For the past few years, Keele University has been pursuing a plan that would allow a sizeable portion of its energy to come from its own renewable resources, in order to achieve its target of becoming carbon net-zero by 2030. Now, it seems that this goal is on the verge of becoming reality.
In December 2020, while we were all putting up Christmas decorations and having too many mince pies, Keele signed a renewable energy partnership with ENGIE. ENGIE is a French electricity utility company trying to bring about a worldwide carbon-neutral economy through environmentally friendly solutions. The partnership deal means ENGIE will fund, design, build, and operate the renewable energy park for 25 years. This energy park consists of two wind turbines and 15,000 solar panels capable of producing energy for 50% of the Keele campus.
The deal also includes an industrial sized battery installation to store energy, which it will provide at peak times. This will stop the energy going to waste or going somewhere else in the National Grid, meaning that Keele will be the only consumers of the energy produced by the Renewable Energy Park.
Before Covid-19 struck it was hoped that this would all be set up by early 2021. Obviously, the virus has caused much of the excavation and work on the site to be delayed. Owing to this, Deputy Vice-Chancellor Professor Mark Ormerod confirmed to me in December 2020 that we can expect the first solar power generation in July/August 2021 and the first wind power generation in late 2021. It is unclear whether the third national lockdown in England will have an impact on this timescale.
The Low Carbon Project allows for both wind power and solar power to be utilised for the university’s benefit while also using batteries for storage. This strategy is a good one going forward because relying on one form of renewable energy will not succeed in making us completely self-sufficient. Furthermore, this project – coupled with the Hydrogen HyDeploy Project, where hydrogen gas is pumped into the gas pipes – has already lowered Keele’s carbon emissions.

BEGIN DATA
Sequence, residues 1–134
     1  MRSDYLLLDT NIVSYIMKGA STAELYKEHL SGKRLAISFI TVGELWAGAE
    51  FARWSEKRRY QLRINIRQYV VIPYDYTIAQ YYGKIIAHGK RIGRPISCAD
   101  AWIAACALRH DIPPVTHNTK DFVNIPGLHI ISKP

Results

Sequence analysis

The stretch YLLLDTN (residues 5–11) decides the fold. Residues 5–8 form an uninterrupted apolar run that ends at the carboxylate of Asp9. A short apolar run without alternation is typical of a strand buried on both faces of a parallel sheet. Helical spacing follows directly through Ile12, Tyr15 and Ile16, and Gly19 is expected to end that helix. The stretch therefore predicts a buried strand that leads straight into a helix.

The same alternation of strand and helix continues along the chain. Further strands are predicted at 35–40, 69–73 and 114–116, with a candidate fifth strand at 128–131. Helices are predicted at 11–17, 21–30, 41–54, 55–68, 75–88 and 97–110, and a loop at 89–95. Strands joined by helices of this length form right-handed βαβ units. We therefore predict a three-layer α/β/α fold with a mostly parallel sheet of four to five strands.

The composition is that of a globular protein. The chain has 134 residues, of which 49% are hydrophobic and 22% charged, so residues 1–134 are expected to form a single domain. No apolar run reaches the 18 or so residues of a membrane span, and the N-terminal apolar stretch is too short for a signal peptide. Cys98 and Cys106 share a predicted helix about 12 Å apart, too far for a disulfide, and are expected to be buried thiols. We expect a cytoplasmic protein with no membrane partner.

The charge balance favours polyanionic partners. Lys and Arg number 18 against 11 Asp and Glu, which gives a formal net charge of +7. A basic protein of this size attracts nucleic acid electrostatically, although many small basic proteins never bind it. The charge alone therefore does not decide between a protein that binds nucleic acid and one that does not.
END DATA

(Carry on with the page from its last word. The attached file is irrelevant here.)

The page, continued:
Keele’s investment in the Low Carbon Project is economical and ambitious but it does fall short on many issues, the most notable of which is building design.
Many old buildings, such as William Smith, the Oaks and the campus library, have what can only be described as less than ideal insulation. It must be the priority of the university to not only upgrade buildings on campus like William Smith and the library but to insulate them to reduce Keele’s electricity costs and Keele’s carbon footprint. Many universities, including Birmingham and Temple in the United States, are leading the way. Refurbishing the Oaks, Holly Cross, William Smith, and other neglected buildings will attract more students, reduce emissions, upgrade older buildings so there is no need to replace them, reduce energy needs, ensure the university saves money on energy, and (most importantly) will provide a better student experience.
The Low-Carbon Project is a great opportunity for Keele to achieve net-zero carbon emissions by 2030, but much more is needed to reduce wasted energy and maximise the student experience as a result of this new renewably produced energy. Hopefully the university will soon set out plans to upgrade buildings that have been neglected for too long.